An international report on spyware from Pegasus points to widespread abuse in several countries.
19.7. 13:04 | Updated 19.7. 16:44
On Sunday an international joint survey of major news media was published, according to which the governments of several countries have abused the hacking program of the Israeli NSO Group for Pegasus spying on its critics.
Among the several countries in the Middle East and Central Asia, there was only one European country on the list: Hungary.
The situation of freedom of expression in Hungary has been a matter of concern in the EU for a long time, and the report now confirms suspicions that the government is putting pressure on the independent media.
It seems that the prime minister Viktor Orbánin the government led by Pegasus has had access to the phones of journalists and opposition figures who are critical of the government.
Media The survey went through a leaked list for the Parisian journalists’ association Forbidden Stories and the human rights organization Amnesty International about the telephone numbers that NSO Group customers have wanted information about.
Security experts then analyzed whether the phones on the list had been hacked using Pegasus.
Numerous politicians, human rights activists, journalists and lawyers around the world are believed to have been subjected to espionage.
Pegasus is a highly effective spyware program marketed by the UFO to monitor terrorists and other major criminals.
In practice, the program gives the intruder access to all the content of the phone, including messages sent via encrypted messaging services. An intruder can also use the phone’s microphone and camera to record.
The supplier of Direkt36 was found in the list of 50,000 telephone numbers Szabolcs Panyin and the telephone numbers of this colleague.
Panyi is a well-known investigative journalist in Hungary who uses diplomatic and national security sources in his stories.
When Amnesty International examined his phone, the result was clear: phone data had been repeatedly accessed through Pegasus.
The attacks often took place just after Panyi had sent a request for comment to Hungarian government officials on something.
Government shows with the help of Pegasus also several other Hungarian critics of Orbán, including the owner of another news site 24.hu and a wealthy businessman Zoltán Vargaa as well as its close associates.
In addition to Varga’s number, the year list included the telephone numbers of several businessmen who visited him.
Panyi commented The Guardianthat the Hungarian government seems to believe that the country’s independent journalists are conspiring against the government.
“I think paranoia is widespread and they see more significance in our motives and networks than they actually are,” he said.
The Guardian also asked the Hungarian government for comment, but a spokesman denied the government knew anything about the alleged espionage.
Helsinki university dissertation researcher Annastiina Kallius does not find Hungary’s contribution to espionage surprising, but it is a serious matter in any case. Kallius’ Hungarian acquaintances feel that they are getting into an increasingly difficult situation in their own country.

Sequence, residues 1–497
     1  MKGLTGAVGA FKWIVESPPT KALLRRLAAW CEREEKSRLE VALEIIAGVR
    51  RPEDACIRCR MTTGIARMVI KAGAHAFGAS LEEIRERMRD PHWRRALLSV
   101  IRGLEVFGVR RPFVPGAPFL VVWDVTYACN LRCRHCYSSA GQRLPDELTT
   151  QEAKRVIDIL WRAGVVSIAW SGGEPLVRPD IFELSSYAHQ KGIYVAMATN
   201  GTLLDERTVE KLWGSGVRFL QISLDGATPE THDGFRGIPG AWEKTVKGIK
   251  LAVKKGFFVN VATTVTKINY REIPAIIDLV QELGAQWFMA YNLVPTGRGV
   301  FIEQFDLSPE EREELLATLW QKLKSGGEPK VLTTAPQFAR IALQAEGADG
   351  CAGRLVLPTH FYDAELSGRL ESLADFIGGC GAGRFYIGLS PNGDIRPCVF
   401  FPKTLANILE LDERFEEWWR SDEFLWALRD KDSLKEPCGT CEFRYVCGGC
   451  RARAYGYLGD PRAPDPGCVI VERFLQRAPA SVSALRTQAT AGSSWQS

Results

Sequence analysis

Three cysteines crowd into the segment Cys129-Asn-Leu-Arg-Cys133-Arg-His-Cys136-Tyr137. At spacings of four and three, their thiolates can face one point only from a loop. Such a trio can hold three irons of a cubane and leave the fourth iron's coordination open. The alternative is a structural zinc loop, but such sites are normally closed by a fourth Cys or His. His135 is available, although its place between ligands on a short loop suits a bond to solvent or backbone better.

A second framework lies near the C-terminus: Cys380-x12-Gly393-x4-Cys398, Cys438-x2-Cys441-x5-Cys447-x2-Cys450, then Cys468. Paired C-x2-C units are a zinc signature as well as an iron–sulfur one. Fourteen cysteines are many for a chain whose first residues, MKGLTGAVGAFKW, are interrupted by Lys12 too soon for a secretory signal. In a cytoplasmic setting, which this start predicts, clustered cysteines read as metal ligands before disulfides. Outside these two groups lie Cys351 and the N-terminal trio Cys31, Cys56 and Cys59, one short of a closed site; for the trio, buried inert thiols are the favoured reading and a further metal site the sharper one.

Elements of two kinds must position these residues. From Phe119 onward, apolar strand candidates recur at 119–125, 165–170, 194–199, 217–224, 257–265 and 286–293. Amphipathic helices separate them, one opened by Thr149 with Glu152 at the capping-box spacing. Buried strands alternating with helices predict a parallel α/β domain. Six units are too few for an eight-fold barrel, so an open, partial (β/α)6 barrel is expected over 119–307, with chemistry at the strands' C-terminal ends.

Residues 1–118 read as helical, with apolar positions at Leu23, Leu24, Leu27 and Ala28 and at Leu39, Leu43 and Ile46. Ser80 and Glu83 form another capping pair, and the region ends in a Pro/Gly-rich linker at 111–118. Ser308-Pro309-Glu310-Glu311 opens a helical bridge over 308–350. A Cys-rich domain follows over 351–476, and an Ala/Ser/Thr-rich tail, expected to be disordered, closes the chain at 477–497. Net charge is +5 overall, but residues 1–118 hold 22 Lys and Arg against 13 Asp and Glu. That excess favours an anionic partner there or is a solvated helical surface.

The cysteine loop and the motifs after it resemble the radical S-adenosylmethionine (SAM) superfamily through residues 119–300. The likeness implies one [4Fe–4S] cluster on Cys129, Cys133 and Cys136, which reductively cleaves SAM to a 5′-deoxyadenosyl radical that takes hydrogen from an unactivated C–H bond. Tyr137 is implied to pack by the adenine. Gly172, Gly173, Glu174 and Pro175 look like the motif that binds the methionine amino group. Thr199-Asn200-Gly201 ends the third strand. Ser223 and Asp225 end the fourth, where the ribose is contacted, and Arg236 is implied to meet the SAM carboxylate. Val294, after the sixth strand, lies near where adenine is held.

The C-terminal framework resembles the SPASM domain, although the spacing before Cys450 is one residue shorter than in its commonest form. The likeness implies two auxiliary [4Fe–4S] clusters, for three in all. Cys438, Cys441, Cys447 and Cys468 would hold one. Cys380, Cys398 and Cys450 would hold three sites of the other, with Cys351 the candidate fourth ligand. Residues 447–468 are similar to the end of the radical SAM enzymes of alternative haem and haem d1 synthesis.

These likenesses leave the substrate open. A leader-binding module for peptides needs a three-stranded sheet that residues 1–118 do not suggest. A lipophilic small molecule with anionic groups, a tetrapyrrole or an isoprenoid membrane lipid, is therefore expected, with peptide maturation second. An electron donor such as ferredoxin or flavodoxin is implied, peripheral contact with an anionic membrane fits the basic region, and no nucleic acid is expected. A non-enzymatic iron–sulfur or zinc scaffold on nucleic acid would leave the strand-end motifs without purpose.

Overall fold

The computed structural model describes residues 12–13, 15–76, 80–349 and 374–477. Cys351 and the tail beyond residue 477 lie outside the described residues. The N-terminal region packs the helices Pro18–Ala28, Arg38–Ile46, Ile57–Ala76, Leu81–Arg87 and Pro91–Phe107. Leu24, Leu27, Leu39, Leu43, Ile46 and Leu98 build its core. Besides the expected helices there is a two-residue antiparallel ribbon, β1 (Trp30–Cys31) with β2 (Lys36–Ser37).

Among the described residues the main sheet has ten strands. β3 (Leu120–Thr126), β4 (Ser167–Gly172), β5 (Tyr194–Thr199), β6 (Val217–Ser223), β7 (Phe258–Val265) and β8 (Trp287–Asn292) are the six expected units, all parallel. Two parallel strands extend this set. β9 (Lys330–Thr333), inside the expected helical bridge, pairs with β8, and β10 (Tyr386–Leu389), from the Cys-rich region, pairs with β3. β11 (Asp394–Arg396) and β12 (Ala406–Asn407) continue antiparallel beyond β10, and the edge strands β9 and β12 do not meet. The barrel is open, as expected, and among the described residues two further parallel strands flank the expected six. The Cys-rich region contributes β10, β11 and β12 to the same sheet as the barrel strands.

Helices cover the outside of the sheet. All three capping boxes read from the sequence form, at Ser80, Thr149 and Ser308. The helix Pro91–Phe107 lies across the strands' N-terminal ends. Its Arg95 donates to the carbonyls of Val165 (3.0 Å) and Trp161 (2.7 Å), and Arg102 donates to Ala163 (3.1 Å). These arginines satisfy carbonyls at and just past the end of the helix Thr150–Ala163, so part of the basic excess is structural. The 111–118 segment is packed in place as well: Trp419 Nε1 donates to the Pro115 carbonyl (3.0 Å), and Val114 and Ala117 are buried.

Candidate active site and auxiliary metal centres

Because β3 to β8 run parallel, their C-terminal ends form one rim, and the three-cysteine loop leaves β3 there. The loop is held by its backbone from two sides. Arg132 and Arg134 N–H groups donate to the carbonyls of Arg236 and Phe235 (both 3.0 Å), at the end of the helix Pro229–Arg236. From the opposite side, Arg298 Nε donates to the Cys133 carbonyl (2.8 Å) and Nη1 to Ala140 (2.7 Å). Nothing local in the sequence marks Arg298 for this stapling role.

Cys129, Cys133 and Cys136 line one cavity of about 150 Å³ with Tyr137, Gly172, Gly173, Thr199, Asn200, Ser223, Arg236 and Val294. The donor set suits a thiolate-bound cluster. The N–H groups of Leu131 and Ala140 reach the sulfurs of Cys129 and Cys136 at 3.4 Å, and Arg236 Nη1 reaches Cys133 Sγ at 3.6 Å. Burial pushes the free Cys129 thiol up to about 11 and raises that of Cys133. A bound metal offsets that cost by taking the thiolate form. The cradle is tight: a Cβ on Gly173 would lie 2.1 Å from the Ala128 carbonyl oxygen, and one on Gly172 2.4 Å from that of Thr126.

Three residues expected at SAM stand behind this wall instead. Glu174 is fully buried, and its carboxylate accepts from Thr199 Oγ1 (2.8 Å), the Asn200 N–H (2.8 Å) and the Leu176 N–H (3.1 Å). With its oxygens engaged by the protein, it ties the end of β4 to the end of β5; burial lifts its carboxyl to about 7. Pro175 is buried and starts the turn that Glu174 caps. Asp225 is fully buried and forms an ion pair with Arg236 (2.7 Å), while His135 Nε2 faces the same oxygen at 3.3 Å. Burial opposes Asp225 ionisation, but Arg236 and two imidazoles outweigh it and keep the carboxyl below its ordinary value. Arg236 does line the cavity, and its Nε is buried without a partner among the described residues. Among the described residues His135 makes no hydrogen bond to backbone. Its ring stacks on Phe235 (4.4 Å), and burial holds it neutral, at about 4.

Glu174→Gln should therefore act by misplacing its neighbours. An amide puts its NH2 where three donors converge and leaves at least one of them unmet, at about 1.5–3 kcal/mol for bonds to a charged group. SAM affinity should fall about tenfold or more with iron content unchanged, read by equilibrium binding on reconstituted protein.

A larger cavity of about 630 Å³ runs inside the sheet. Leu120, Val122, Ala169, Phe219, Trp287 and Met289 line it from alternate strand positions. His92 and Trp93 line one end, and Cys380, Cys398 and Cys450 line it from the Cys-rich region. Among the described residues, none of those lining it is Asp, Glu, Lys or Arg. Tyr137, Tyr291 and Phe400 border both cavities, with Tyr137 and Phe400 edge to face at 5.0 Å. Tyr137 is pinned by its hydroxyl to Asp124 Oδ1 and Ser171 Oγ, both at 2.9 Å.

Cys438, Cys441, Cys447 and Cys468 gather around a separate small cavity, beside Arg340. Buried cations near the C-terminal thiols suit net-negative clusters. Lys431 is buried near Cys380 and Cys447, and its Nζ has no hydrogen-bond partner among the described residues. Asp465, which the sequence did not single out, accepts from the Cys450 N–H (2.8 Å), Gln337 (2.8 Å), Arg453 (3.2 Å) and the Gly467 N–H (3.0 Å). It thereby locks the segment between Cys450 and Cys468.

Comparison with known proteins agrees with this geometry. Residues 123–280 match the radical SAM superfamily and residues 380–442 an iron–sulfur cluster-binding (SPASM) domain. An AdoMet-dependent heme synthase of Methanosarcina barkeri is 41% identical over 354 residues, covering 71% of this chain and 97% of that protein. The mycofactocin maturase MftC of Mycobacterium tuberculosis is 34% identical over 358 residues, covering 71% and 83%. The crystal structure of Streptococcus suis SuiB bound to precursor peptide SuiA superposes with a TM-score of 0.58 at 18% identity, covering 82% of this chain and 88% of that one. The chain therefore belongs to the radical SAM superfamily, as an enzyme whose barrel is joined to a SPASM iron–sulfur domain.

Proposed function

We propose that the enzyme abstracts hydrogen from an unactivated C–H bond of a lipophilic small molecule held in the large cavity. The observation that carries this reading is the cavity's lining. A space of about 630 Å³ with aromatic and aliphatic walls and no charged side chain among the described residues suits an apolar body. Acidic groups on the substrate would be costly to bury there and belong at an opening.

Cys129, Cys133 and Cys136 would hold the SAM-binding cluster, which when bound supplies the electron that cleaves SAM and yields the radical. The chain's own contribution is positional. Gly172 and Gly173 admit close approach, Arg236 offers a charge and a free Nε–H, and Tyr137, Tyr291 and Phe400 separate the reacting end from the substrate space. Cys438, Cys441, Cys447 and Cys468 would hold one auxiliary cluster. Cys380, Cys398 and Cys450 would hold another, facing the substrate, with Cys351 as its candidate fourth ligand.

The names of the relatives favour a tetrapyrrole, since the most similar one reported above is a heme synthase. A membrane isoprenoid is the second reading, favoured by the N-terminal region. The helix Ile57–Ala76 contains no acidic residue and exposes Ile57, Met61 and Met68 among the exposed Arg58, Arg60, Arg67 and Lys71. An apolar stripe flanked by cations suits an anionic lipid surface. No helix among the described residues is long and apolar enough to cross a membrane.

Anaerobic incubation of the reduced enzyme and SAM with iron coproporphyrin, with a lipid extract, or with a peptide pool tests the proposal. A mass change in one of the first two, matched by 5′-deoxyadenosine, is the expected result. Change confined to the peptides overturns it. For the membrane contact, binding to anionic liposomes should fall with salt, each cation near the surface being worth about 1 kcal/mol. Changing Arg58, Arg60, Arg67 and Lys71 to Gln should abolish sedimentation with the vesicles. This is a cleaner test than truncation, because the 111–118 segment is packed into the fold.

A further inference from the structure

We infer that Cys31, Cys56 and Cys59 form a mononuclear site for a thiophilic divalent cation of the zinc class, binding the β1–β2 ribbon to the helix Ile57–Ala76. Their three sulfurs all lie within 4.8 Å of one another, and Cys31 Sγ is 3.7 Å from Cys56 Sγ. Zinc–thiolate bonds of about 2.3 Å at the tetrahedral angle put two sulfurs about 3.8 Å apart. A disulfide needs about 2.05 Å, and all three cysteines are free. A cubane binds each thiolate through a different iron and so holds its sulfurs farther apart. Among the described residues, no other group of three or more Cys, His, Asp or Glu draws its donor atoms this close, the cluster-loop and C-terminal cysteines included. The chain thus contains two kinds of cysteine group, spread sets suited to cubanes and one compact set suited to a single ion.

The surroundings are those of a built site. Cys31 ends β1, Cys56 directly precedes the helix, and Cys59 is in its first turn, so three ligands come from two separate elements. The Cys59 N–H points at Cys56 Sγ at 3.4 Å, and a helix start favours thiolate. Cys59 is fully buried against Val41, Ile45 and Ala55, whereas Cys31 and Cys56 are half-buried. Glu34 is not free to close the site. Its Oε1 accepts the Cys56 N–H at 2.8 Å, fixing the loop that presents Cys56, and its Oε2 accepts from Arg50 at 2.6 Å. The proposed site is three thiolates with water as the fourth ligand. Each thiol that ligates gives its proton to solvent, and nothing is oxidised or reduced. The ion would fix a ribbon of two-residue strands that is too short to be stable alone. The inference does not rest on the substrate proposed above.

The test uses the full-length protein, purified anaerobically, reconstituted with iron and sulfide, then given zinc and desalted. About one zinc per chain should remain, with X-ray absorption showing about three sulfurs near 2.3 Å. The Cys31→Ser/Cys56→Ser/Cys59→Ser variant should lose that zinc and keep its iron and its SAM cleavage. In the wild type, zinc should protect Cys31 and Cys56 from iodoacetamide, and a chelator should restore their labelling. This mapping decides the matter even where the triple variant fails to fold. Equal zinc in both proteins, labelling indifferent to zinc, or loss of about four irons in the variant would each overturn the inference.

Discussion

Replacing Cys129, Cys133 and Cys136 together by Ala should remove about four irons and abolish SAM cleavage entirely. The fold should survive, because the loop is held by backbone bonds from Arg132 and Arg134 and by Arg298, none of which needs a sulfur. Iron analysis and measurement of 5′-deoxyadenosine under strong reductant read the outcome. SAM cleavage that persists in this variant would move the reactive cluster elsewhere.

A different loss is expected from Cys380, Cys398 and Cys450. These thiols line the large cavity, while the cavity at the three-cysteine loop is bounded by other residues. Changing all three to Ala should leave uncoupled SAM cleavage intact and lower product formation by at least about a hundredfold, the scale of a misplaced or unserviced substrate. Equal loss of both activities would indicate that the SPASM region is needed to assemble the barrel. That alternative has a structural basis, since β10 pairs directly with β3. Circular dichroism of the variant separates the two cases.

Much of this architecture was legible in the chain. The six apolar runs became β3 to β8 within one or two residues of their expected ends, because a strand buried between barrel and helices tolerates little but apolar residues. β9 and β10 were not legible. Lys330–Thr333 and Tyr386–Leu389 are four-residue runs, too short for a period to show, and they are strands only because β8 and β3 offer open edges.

“It’s terribly harsh, after all, the stakes are just getting harder. Yesterday I had the feeling that hoh-hoijaa, again bad doubts were confirmed. ”
In Hungary, a similar spy scandal was last uncovered in 2018, when it was the software of another Israeli company, Black Cube.
Unlike most Finns, Hungarian dissidents were already accustomed at that time not to bring phones into confidential conversations.
“It had felt paranoid at times, but then the Black Cube case came up. This new case of espionage certainly did not surprise anyone anymore. ”
Now According to Kallius, Direkt36’s Szabolcs Panyi, who has been the target of
“He’s specifically revealing the kind of threads that the administration really wouldn’t want to be public.”
Kallius thinks the revelation of espionage could help the Hungarian regime, as it could lead to increasing self-censorship by the opposition.
According to Kallius, the EU should now closely monitor Hungary’s preparations for the 2023 parliamentary elections.
“Everyone can ask themselves who wants to go into politics if there is a risk of being subjected to espionage. If I were an opposition politician in Hungary now, I would be heated. ”
Very however, according to Kallius, the most significant and direct impact of the espionage scandal is on Hungary’s international relations and the EU. Will the EU country really be allowed to do this?
In Kallius’ opinion, this should be of particular interest to Finland, which during its EU presidency clearly emphasized the debate on the rule of law and adherence to common values.
“The only EU country on the espionage list is Hungary. As long as the EU lets Fidesz run in this way, it will pull the rug under the feet of the EU’s whole value arguments. That is why I think it is absolutely necessary to react to this. ”
In practice, reacting would mean interfering with money, ie EU subsidies, but it does not seem likely from Kallius.
“I don’t hold my breath. For the last 11 years, Fidesz has not been able to respond properly. ”